TELECOM Digest OnLine - Sorted: Re: Getting Serious About the War on Spam

Re: Getting Serious About the War on Spam
22 Apr 2005 07:04:09 -0700

> [TELECOM Digest Editor's Note: But isn't also a good idea to auto-ack
> the alleged senders of the spam mail since if a person gets enough
> of those they may be moved to clean out the zombies in their own
> computer (if they have any, or if they don't) become angry enough to
> join in the fight in a big time way? That is why I am seriously
> thinking about changing my auto-ack to say 'thank you for writing me
> and if you didn't write to me then welcome to the club'. PAT]

But, as Robert and I have pointed out, if the destination SMTP server
flatly refuses the SMTP connection, then it's the job of the SENDING
server, NOT the destination server, to decide what kind of message to
return to the sender.

If the sending server is a legitimate server, delivering legitimate
mail, that somehow got itself onto a blacklist, then it will probably
return a failure notice to the (alleged) sender.

If the sending server is an open relay because the admin doesn't know
any better, and it's relaying spam that came from somewhere else with
forged return addresses, it will probably return a failure notice to
the SMTP From address, which probably does not belong to the sender,
but that's not my problem.

If the sending server is a zombie on a hacked Windows box belonging to
some clueless broadband customer whose machine is spewing spam without
his knowledge (which is quite common), sending a jillion failure
notices to the machine owner would be a good idea, because people who
allow their machines to spew spam, even unintentionally, deserve the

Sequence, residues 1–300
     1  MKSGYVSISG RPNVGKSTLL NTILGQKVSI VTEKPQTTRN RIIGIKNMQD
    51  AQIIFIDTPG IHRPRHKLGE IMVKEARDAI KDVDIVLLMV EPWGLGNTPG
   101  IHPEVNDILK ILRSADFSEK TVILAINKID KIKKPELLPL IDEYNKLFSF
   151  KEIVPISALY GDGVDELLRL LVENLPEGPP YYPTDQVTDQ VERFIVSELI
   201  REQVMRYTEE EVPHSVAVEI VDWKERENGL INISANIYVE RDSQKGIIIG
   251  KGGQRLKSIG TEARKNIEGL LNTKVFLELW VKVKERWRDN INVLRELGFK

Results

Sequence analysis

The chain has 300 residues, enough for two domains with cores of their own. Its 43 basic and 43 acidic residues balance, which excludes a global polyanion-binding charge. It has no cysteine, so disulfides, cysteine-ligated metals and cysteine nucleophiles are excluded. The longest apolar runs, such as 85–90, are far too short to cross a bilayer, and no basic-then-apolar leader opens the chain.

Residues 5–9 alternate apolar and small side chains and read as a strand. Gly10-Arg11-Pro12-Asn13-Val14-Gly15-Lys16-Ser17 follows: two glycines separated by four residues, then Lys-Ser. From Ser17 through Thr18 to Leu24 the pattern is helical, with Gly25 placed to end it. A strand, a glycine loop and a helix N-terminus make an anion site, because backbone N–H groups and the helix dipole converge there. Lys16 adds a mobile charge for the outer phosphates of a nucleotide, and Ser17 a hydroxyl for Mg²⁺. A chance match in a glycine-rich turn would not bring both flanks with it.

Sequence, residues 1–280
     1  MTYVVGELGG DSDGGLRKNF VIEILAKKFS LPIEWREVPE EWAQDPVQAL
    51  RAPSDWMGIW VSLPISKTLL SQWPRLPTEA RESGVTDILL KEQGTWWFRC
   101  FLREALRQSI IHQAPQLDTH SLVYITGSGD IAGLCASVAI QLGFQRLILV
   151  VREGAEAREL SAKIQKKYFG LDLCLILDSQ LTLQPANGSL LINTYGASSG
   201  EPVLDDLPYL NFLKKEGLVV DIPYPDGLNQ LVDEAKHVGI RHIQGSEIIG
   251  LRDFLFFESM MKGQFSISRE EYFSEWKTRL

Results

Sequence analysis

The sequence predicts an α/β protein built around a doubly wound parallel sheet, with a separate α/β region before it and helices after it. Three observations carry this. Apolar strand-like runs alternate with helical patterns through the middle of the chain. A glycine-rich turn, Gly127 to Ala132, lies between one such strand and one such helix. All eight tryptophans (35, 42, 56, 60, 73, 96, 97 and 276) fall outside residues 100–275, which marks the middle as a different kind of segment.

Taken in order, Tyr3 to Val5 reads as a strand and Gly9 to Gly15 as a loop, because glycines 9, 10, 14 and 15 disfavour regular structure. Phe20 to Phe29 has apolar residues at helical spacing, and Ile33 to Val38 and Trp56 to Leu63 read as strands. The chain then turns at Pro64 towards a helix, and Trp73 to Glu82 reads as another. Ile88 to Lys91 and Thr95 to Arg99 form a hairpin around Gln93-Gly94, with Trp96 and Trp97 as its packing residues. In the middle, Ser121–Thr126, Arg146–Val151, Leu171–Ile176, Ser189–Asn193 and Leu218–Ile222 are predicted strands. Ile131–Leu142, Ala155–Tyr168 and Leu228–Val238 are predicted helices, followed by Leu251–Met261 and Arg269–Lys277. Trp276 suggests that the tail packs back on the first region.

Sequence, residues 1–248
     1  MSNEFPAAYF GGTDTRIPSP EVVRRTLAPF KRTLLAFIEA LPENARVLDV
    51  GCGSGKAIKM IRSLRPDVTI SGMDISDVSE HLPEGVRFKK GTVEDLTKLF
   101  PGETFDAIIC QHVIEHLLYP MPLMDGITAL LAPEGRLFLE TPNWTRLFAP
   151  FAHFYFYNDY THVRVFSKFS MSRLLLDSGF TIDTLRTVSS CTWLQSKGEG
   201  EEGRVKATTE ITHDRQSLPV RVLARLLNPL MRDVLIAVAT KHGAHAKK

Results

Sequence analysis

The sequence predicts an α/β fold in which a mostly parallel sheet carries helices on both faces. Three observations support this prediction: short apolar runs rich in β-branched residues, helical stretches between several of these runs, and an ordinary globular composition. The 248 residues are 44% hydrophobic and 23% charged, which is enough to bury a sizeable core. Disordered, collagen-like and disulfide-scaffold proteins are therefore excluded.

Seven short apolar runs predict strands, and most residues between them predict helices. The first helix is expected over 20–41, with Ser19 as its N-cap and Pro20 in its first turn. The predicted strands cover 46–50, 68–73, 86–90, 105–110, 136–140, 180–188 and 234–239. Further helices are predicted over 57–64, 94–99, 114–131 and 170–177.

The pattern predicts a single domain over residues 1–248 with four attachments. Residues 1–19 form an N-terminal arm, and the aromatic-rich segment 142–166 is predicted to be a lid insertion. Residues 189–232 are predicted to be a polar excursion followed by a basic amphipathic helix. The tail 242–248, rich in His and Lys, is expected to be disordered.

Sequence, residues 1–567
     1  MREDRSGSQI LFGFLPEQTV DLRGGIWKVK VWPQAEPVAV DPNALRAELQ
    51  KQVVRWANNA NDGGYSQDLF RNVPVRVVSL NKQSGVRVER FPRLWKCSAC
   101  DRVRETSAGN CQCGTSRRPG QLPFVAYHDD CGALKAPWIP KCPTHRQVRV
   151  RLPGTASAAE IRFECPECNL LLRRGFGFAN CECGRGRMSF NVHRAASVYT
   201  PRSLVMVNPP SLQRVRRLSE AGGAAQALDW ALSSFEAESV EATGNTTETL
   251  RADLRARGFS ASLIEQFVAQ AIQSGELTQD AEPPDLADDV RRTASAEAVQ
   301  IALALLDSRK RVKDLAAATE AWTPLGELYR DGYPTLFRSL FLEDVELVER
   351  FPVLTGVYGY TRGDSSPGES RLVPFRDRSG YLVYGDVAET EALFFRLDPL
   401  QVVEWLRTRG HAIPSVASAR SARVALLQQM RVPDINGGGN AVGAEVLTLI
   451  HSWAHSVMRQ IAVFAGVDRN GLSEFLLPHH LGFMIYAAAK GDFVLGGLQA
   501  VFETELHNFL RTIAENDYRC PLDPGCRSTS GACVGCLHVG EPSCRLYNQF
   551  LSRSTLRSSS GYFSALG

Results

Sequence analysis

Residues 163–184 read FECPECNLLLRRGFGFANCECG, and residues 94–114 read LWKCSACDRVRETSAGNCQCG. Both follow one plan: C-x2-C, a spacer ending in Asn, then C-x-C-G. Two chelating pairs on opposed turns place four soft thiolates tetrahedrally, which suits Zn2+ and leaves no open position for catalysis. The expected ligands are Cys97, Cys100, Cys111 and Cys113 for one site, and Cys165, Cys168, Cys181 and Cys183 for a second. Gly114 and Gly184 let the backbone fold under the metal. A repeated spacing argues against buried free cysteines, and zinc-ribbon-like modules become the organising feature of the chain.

consequences. And notifying him that his machine needs cleaning up
would be good for him and the rest of the world. But it's highly
unlikely that the SMTP return address on those spam messages actually
is the real address of the owner of that machine. Sending a jillion
failure notices to some innocent uninvolved individual is not a good
way to convince people that the net needs cleaning up. It would be
like throwing a rock through your neighbor's window to convince him
crime is a problem. OK .. maybe that's stretching the analogy, since
the rock-throwing would be clearly illegal, and returning failure
notices to someone who didn't really send spam is technically legal, if
the spam had his return address on it. But since you know that it's
highly probable that the return address belongs to someone whose
address was stolen, through no fault of his own, flooding him with spam
rejection notices just to say "See how bad spam is? You should do
something about it" is really bordering on harrassment.

[TELECOM Digest Editor's Note: So what are you saying, that I should
cease my auto-ack which is intended to serve legitimate users in order
to avoid possibly getting sued for harrassment by someone who gets a
million auto-acks from me that some third person caused to be
generated? That's bull ... anyway, I am essentially judgment-proof
unless you can find some way to attach my social security disability
checks. I have no other money to speak of. I do not intend to let
good, legitimate, often times new users just hang waiting. Anyway, I
get auto acks here all the time also, from spammers who have signed me
up for every mailing list known to mankind. PAT]

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